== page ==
- Install awareness about grooming
Grooming can feel insidious and hard to combat. Tackle it step-by-step from setting the proper privacy controls and knowing who your child’s online friends are to impressing on them that they should never arrange to meet an online friend without a parent. Remind them that if something makes them uncomfortable, they can always reach out for help from you, another adult or a resource like Childline.
- Talk about online spending
Opportunities to buy online can seem everywhere. Children may not even realise they are spending. Talk to children about how apps and sites operate, how many of them are designed to usher users into buying and that it pays to be a clued-up user. Then it’s important talk to children about when they can buy, in a way that’s right for your family. Children may get an allowance to spend online – in games or on retail sites – and this may change as the years go by. (You can actually control this with Windows 10!)
Finally, make sure you know when and how your child is spending money online. With Windows 10 Parental Controls, parents can customise how their children are permitted to purchase in the store app through a few different options: parents can choose to approve each purchase before it’s made, receive alerts after each purchase or set up an allowance online to allow children to buy through their Microsoft account with a set limit. Plus, parents can review everything their child buys.
- Instill best practices for ‘digital hygiene’
Just like we teach our children to regularly wash their hands, we need to remind them of the new rules about ‘digital hygiene’. Remind them to regularly change their passwords and not share them, to password protect their phone, to keep software and apps up to date and to not click on unknown email links or attachments. Maybe an opportunity to talk about Windows Hello and face log in?
- Encourage critical thinking
As your children get older, they’ll better understand the need to think critically about what they see and interact with online. Give them tips on how to critique the things they see. Talk about how to identify trustworthy news sources, how to be careful about ‘meeting’ strangers online, about how images and videos can be altered and how ‘deep fakes’ can look real. By instilling a healthy sense of skepticism, you give them tools for the rest of their lives.
- Be clear on the behaviour you expect from them
Talk to your child about bullying and good behaviour online and what that looks like. Ask them who they want to be online and talk about how our online self reflects who we are in the real world.
- Keep an eye on their activity
This isn’t a discussion we can have just once as parents. We should expect in the fast-changing digital world that our children will make mistakes as they learn. We need to be OK about that while also revisiting best practices, rules and conversations we’ve had before.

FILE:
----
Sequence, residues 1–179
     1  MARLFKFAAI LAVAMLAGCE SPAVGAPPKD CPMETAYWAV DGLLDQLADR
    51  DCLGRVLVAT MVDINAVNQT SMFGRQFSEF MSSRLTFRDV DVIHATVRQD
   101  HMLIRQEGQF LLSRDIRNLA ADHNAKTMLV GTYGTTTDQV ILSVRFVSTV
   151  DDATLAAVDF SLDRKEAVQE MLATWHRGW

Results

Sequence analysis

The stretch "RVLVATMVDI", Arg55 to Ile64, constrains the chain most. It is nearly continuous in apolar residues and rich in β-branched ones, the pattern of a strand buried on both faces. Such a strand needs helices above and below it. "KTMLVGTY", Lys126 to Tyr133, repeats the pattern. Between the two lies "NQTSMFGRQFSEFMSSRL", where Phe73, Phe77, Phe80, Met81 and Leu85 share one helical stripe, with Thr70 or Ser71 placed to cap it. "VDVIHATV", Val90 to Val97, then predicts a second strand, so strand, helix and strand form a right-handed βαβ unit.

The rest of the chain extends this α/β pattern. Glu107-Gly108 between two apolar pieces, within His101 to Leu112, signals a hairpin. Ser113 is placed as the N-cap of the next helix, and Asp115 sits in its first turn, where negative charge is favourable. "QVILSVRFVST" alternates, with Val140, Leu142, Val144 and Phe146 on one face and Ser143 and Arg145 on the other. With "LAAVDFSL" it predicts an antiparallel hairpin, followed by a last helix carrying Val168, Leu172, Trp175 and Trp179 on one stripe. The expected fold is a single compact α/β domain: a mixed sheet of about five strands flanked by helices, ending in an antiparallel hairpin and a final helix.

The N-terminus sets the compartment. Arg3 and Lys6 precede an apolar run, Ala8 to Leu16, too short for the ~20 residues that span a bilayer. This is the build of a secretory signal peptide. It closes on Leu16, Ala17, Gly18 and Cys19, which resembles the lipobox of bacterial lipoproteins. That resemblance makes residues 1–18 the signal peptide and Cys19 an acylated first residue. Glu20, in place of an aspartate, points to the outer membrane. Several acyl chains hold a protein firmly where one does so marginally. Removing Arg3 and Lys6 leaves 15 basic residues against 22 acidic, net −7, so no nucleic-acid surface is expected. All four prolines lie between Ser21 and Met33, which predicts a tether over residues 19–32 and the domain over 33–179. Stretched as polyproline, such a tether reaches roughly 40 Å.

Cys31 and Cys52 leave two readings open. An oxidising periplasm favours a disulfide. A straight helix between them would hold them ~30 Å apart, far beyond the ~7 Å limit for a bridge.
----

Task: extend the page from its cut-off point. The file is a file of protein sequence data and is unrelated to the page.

At the same time, we have to be OK about being the adults in the room, which means monitoring what they do. With Windows 10 Parental Controls you can keep an eye on their activity – apps, browsing, when they use a device, even what they search for. It’s a way to step in and help with they need it and let them learn and engage with the online world when they’re able.
- Listen to your children
One of the hardest things when confronting the complexities of online safety and our children is taking a breath and slowing down. Listen to them when they talk about their online activity and be alert to changes in their mood, temperament or online activity.
What are your biggest concerns about your child’s online safety? What have you done to help prepare them for what they come encounter online?
About Windows 10 Parental Controls
Windows 10 Parental Controls allows families to connect their Microsoft accounts and helps families keep children safe online and learn good digital practices.
How it works:
- You create a Microsoft account (if you don’t already have one – this is different from an Office 365 you might use for your email). https://account.microsoft.com/family/
- You then invite your child to create an account (you can help them do this!). Create one for each child in your family so you can tailor your online setting to their ages and needs.
- Choose the Family area on the main page and start getting connected to your child’s online life.
Go here to learn more about how to create and link your Microsoft Family Account and start using Parental Controls today!
About Jennifer Howze
Jennifer Howze is the Creative Director and co-founder of BritMums. She blogs about family travel at Jenography.net, tweets at @JHowze and Instagrams at @JHowze. Previously, she wrote the Alpha Mummy blog at The Times and as a journalist has contributed to The Times, The Guardian, The Independent, The Wall Street Journal, Travel & Leisure, Budget Travel, CNN.com, Allure, SELF and Premiere, among others. She won The Maggie Award from the Planned Parenthood Federation of America for a health article in Seventeen magazine.